Government spokesman Mohammad al-Momani told state news agency Petra that the announcement by U.S. President Donald Trump violated long-standing U.N. Security Council resolutions that "stipulated the non-recognition of the Israeli occupation" of the city's eastern sector and the adjacent West Bank.
The staunch U.S. ally considered "all unilateral moves that seek to create new facts on the ground as null and void", the spokesman added.
Foreign Minister Ayman Safadi said later in a tweet that the move "frustrated" peace efforts. "Jordan rejects the decision and all its implications and will continue to work for an independent Palestinian state with East Al-Quds as its capital," Safadi added.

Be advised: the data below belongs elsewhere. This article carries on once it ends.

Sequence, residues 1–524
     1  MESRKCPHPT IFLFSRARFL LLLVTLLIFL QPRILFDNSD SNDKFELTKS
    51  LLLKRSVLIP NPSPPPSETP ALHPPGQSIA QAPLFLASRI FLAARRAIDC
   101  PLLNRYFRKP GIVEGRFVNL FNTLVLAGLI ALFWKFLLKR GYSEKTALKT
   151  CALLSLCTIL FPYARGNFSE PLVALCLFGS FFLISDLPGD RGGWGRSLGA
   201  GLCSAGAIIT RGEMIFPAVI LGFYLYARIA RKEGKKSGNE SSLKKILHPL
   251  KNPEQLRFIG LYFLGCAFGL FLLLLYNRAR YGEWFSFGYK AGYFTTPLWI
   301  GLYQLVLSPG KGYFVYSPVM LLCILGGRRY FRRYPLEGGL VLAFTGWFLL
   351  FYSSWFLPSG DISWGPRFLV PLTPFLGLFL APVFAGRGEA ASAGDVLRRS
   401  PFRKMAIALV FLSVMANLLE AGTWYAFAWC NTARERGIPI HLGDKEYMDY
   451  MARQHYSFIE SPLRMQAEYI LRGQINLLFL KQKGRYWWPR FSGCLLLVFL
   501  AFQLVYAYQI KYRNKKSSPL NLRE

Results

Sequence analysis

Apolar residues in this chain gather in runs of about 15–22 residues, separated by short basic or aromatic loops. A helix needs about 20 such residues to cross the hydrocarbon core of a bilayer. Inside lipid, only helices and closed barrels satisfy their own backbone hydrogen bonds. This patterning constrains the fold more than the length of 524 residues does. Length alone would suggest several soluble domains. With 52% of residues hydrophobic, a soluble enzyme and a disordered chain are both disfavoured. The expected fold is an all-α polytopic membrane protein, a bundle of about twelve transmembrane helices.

The king's Hashemite dynasty is the custodian of the Muslim holy sites in Al-Quds, making Jordan sensitive to any changes in the status of the city.
A government source said Palestinian President Mahmoud Abbas was due to hold talks with the monarch on Thursday in a stepped-up diplomatic offensive to counter Trump's plan.
Several protests broke out in areas of Jordan's capital, Amman, inhabited by Palestinian refugees in response to Trump's announcement.
Many people in Jordan are descendants of Palestinian refugees whose families left after the creation of Israel in 1948.